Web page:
Wednesday, November 3, 2010

What Is Fantasy?

George M. breaks it down:

We can recognize it when we see it: witches and wizards casting spells at one another with their great yew staffs, great dragons loosely based on dinosaur renderings, but mostly constructed from pure imagination, ravaging nearby villages with terrific flames, having no explanation for their actions other than that they can. These are defining characteristics of the fantasy genre.

The average person can read a book about wizards and magic and tell you that he or she is reading a fantasy novel (even if the section in the book store didn't already give that away). It is much harder, however, for that person to explain why that novel is classified as "fantasy" and not something else, like mythological fiction or science fiction. In order to explain why this is, we must first look at what fantasy is.

This is my attempt to sum up what fantasy is in a neat sciencey way: "fantasy is the opposite of what could ever be." That’s probably what Emily Dickinson would say if you asked her. You can't, though; she’s dead. She loved to squeeze a book's worth of meaning into a two-stanza poem. The only way to truly appreciate the meaning of that vague, almost cryptic statement is to crank the handle of this fantasy Jack-in-the-box and stand back. Here we go...

Fantasy is wholly subjective of the author's reality and the technology available at the time. For example, an 18th century author could write a novel about horseless carriages and weapons that use light to injure an enemy and this novel would easily fall into the genre of fantasy. A person could pick up and read that same novel today and would be able to classify it as merely a work of fiction. The reason being is because those things are actually in use today, not just concepts (although using a laser as a weapon today would be difficult, as the really powerful ones are still bulky and stationary). What a difference 300 years can make!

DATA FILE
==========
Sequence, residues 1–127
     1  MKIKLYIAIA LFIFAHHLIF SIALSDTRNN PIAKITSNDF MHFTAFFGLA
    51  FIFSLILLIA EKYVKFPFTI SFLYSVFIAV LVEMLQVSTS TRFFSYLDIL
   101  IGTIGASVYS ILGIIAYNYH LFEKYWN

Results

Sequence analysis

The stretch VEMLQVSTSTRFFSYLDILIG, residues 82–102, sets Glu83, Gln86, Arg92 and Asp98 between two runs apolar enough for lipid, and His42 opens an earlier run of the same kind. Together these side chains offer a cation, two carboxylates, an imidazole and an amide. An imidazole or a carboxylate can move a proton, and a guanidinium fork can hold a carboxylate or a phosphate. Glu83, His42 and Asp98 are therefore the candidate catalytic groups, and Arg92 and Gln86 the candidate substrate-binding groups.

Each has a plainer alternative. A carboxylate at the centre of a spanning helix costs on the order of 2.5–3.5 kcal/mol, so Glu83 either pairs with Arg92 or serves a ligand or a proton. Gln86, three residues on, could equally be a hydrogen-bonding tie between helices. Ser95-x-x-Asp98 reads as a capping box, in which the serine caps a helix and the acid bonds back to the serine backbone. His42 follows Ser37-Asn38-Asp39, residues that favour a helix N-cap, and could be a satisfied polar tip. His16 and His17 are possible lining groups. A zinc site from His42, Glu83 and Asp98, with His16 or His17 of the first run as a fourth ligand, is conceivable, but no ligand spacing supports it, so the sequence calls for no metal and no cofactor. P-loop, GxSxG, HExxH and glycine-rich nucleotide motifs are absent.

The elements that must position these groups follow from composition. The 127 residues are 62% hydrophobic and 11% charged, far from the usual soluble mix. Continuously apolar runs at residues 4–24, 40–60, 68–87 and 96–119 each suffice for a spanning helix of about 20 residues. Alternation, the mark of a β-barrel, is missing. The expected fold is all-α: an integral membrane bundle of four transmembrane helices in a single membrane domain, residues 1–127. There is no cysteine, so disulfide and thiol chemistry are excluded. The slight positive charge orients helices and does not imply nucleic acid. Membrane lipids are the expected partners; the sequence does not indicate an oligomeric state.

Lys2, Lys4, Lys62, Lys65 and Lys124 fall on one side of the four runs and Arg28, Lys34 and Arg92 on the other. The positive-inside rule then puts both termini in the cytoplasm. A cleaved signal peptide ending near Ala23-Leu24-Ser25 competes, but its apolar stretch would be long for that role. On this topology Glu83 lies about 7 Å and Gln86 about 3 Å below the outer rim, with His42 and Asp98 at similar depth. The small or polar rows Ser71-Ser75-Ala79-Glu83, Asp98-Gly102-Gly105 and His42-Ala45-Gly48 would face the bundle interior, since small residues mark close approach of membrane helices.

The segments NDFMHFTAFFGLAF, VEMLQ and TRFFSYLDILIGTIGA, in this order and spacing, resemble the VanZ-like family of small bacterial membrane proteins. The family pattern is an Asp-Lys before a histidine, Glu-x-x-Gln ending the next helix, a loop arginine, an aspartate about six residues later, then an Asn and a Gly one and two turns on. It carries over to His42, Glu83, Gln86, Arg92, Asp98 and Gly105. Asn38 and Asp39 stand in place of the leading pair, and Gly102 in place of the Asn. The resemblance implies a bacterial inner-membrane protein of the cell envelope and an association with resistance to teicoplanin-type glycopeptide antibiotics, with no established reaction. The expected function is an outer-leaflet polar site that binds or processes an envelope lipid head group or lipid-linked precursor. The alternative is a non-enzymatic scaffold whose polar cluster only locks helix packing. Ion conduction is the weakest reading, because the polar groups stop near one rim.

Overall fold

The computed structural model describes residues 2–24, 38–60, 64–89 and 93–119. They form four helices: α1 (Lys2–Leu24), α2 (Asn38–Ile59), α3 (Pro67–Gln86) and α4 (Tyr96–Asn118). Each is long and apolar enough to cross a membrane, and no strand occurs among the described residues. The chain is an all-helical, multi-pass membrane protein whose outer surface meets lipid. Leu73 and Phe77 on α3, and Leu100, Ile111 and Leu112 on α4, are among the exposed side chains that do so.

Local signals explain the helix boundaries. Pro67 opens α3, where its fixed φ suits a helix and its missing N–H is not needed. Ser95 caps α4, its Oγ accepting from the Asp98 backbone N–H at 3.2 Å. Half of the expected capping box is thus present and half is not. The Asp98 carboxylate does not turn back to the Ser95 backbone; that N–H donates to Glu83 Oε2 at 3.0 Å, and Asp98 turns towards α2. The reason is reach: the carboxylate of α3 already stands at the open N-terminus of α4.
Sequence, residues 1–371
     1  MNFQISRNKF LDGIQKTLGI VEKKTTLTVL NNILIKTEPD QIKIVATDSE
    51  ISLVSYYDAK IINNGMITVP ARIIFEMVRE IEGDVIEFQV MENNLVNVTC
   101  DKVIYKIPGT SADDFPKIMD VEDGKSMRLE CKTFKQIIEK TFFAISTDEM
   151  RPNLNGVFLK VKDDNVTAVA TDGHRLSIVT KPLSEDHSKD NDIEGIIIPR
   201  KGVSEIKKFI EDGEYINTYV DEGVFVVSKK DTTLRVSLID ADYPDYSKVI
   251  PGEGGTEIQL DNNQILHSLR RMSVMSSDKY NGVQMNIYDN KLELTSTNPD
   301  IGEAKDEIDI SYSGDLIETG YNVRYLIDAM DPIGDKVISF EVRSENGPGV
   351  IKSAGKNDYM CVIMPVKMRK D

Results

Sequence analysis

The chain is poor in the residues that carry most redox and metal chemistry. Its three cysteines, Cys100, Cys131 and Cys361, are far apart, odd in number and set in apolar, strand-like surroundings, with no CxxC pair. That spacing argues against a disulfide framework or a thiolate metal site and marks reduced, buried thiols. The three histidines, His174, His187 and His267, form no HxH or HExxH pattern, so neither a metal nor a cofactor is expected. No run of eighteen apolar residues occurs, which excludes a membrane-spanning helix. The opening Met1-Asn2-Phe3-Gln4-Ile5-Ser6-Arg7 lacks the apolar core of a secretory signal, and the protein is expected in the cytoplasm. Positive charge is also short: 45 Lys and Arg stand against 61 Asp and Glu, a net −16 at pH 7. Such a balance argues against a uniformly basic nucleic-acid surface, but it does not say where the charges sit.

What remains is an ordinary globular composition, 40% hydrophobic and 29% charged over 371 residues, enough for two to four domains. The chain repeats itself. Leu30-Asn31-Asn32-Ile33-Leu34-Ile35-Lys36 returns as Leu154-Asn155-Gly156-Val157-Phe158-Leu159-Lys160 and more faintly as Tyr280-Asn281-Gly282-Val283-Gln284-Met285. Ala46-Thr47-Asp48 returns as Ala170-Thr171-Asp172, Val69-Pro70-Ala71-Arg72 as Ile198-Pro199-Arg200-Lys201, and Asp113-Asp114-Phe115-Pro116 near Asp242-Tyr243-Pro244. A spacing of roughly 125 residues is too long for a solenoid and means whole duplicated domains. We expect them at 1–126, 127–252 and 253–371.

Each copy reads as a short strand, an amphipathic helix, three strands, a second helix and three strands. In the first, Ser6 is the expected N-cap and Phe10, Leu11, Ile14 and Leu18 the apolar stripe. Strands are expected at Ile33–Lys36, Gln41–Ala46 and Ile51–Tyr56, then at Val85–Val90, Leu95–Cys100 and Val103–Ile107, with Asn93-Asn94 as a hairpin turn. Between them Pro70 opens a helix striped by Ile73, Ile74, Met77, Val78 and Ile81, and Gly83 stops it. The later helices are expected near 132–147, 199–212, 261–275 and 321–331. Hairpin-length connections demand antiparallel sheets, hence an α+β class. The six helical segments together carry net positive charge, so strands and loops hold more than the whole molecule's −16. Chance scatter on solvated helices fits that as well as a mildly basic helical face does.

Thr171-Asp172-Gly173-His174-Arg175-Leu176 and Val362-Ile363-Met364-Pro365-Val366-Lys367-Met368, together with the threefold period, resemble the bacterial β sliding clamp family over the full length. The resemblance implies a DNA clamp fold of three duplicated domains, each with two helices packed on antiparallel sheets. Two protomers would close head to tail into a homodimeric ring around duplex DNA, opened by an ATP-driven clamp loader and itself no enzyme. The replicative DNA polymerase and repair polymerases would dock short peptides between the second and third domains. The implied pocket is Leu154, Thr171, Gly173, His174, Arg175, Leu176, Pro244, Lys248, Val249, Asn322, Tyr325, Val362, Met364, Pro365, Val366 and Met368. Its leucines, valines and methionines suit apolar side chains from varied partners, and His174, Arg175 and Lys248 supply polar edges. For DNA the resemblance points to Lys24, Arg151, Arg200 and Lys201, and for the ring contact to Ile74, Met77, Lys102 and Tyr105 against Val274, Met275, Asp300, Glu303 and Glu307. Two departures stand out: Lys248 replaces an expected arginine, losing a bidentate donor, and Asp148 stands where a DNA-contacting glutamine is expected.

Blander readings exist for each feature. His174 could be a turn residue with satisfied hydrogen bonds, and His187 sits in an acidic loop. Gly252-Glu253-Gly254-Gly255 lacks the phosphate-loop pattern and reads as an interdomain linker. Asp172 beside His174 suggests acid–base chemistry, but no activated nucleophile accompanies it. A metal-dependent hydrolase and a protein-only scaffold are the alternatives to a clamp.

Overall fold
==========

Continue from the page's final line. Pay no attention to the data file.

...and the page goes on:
The reason why the author classified his novel as "fantasy" was because mechanical, horseless carriages and light-based weapons were the farthest things from his present reality. They were "the opposite of what could ever be" for him. He simply could not fathom a reality where these things existed, so made the decision to place his novel in the same category that houses tales about magic artifacts and unknown worlds. Although the potential for these things existed at the time, the author was ignorant to that potential, and only used his imagination as reference. This 18th century author who exists solely in my example could have classified his novel as "sci-fi," and you'll see why this is momentarily.

J.R.R. Tolkien's The Hobbit falls under the domain of fantasy because there is no record of our past and no evidence of our future depicting an Earth where dragons, dwarves, and goblins could have existed or could exist. Unfortunately, a world where Gandalf exists is not in our foreseeable future, and because of this The Hobbit must be classified as a work of fantasy.

So far we can conclude that in order for a piece of literature to be considered "fantasy," it cannot have a basis in reality. Although this statement seems quite obvious, there is much more to it than that. How many of the elements of the novel that are based in reality and what these elements consist of play a defining role in determining whether a work is considered fantasy or science fiction or some other genre.